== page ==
If Clydesdale is sold, possible bidders include NBNK Investments, a shell company which counts Lord McFall, Lord Forsyth and Lord Levene among its board directors. Other possible bidders include One Savings, backed by US private equity firm JC Flowers and Hugh Osmond’s Sun Capital Partners.

Sun Capital has already had one offer for Clydesdale rebuffed according to market sources. In October Clyne said NAB would “not be engaging in any fire sales” of its UK banks.

John Morrison, a director of Luxembourg-based financial consultancy Asymptotix, said:

    “Clydesdale is now in the hands of consultants, all flavours; probably lawyers as well; all Clyne is doing is shouting louder to the world ‘this bank is on the block’. The loudness that Clyne is now shouting probably indicates that NAB would consider a Hoare Govett-type deal – basically give the business  away for one pound, as long as the buyer pledges to honour the debts. I suspect they have completed the drill through of their loan book and they’re looking at a scary mess.”

An edited version of this article was published under the headline ‘Who’s to blame for Clydesdale troubles’ in the Sunday Herald on January 12th, 2012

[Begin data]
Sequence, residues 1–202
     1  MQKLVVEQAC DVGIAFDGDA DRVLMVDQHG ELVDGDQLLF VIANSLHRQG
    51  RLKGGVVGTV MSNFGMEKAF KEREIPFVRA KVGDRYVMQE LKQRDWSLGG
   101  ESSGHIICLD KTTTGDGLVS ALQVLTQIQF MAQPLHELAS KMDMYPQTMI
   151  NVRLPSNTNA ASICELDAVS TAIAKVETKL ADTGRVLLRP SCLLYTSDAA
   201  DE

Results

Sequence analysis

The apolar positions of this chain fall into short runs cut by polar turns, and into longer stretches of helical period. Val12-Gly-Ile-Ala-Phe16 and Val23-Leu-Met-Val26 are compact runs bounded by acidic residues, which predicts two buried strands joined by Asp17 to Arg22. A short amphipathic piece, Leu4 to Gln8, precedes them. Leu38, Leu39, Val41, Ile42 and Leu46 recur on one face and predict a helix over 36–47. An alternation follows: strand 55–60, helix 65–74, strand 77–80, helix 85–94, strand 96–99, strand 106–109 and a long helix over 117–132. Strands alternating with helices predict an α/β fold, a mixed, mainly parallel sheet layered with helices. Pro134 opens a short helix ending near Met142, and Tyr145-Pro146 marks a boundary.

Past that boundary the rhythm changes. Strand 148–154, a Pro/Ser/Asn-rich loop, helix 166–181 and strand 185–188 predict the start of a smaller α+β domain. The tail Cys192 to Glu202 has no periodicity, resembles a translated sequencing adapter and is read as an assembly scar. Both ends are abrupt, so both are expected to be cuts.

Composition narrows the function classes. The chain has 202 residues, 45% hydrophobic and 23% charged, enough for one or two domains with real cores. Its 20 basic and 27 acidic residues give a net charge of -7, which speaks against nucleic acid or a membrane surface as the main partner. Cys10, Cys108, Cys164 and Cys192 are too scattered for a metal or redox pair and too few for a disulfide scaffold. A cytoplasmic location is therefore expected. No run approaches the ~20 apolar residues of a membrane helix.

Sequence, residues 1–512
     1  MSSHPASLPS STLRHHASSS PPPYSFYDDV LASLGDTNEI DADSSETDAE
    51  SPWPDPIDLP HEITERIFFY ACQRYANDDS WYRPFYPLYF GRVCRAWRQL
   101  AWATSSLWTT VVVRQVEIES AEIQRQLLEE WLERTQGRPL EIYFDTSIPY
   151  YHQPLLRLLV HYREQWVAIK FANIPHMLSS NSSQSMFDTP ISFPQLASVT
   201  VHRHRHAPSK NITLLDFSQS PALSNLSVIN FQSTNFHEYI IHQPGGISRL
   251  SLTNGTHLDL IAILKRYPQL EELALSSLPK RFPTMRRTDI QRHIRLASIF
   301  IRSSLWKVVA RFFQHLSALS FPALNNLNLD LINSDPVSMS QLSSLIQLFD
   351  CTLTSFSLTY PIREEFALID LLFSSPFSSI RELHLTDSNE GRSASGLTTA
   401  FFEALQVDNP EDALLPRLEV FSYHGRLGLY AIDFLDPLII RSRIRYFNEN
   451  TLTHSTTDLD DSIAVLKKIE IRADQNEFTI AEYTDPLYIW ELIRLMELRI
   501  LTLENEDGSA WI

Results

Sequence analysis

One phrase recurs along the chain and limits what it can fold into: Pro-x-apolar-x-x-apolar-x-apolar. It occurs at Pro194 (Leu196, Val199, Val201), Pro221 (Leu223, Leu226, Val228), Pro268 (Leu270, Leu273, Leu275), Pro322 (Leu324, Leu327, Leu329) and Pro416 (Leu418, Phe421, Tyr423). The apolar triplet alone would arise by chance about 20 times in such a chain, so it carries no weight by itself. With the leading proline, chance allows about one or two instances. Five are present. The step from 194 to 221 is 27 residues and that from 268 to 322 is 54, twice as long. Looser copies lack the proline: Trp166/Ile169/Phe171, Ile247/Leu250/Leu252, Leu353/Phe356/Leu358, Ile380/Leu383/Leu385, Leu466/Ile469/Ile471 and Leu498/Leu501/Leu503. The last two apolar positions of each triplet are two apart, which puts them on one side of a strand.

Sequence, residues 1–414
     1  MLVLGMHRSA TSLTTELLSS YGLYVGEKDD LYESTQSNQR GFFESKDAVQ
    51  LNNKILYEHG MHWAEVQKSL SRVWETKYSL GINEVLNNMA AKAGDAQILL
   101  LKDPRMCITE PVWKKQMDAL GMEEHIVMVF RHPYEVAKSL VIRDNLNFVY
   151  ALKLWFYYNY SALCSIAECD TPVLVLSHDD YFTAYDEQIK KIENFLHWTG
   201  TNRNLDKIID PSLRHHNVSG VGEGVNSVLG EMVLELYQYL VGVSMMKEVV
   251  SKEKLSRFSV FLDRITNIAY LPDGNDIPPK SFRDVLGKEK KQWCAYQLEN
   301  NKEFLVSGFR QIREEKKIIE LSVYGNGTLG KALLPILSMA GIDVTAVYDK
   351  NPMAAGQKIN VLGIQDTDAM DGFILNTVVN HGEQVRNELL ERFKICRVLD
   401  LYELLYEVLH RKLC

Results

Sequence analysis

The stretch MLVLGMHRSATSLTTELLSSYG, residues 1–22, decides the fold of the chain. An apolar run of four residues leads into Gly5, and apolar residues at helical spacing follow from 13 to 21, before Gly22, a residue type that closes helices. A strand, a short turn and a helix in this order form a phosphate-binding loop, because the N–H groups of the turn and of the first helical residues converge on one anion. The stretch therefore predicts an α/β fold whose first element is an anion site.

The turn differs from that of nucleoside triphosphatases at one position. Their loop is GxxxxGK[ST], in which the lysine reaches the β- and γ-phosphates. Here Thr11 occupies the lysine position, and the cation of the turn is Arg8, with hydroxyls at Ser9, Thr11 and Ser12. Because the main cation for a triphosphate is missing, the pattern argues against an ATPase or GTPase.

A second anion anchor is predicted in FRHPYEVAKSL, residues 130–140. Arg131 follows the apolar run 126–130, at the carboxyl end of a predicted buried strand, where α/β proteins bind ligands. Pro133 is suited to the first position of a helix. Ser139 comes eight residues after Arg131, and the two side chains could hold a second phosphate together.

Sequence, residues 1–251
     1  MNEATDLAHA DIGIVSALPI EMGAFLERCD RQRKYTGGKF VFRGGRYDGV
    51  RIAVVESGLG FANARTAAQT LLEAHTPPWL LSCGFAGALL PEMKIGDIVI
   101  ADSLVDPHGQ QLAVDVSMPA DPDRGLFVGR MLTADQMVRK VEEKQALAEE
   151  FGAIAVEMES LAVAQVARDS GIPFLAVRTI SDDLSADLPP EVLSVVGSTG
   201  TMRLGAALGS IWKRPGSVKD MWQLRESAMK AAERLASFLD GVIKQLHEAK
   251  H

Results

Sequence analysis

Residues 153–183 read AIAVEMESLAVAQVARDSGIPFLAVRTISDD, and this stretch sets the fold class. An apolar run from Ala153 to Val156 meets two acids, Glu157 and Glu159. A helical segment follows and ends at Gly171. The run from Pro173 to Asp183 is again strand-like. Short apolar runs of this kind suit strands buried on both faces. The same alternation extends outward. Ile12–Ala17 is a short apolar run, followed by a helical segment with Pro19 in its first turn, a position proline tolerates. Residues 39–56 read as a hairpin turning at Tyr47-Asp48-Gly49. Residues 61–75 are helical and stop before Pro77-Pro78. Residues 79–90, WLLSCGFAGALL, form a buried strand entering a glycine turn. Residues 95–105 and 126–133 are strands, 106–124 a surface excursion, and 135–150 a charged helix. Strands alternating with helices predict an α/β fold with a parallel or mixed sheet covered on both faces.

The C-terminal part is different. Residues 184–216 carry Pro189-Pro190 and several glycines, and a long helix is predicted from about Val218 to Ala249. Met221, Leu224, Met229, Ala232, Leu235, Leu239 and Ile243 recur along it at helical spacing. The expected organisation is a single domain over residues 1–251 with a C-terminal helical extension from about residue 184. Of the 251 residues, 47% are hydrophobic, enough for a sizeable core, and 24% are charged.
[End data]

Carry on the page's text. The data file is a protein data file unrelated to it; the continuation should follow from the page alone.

Clydesdale Bank – Fact Box

1838: Clydesdale Bank established in Glasgow with a first branch in Edinburgh

1859: Yorkshire Bank established in Halifax, West Yorkshire in 1859

1987: NAB acquires Clydesdale Bank

1990: NAB acquires Yorkshire Bank

1995-98: Fred Goodwin is deputy CEO, then CEO of Clydesdale Bank

2000:  NAB approaches the Bank of Scotland with proposal that BoS acquires its UK and Irish assets, including Clydesdale and Yorkshire. In return, BoS would hand NAB its stake in BankWest in Australia.

2004: Clydesdale and Yorkshire complete their merger, with Yorkshire becoming a “sub-brand” of Clydesdale.

2005: Clydesdale establishes a network of quasi-autonomous “Financial Solutions Centres” as a form of laboratory, in year the bank announces it is axing 1,700 jobs and closing 100 branches.

2005-06: The bank’s Integrated Financial Solutions unit becomes a significant player in the UK commercial property market.

2010-11: Clydesdale is not considered a serious bidder by the FSA when various portfolios of bank branches come on the market in the wake of the financial crisis.

2010: Clydesdale apologises to customers after admitting it failed to accurately calculate the interest on some mortgages.

March 2011: Clydesdale announces CEO Lynne Peacock is to depart

July 2011: David Thorburn takes over as CEO

Sept 2011: Clydesdale is downgraded by credit rating agency Moody’s, after NAB chief executive Cameron Clyne reveals the Melbourne-based bank has reduced its commitment to owning Clydesdale.

Yorkshire Bank: 185 branches
Clydesdale Bank: 152 branches
Financial Solutions Centres: 72

UK: 8,300
England: 4,100
Scotland 4,200

Profits year to Sept 2011: £237m
Total assets at Sept 2011: £44.9bn

Author: Ian Fraser  
Source: Sunday Herald
Last modified onSunday, 05 January 2014 07:18